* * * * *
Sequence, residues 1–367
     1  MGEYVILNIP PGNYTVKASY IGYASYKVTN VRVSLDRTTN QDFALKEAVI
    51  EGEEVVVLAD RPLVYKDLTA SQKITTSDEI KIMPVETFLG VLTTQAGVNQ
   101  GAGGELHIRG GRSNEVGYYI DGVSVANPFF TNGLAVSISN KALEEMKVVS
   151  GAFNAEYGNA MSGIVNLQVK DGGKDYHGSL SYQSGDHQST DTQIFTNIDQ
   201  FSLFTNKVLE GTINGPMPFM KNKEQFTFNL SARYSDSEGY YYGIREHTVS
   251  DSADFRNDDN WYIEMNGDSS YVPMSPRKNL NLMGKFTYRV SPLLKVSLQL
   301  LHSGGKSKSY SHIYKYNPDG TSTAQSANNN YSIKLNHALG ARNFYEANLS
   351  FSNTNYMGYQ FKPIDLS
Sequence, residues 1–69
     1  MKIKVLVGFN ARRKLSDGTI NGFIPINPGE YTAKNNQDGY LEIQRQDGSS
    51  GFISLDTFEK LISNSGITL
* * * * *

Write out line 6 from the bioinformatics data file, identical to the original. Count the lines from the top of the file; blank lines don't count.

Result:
   201  FSLFTNKVLE GTINGPMPFM KNKEQFTFNL SARYSDSEGY YYGIREHTVS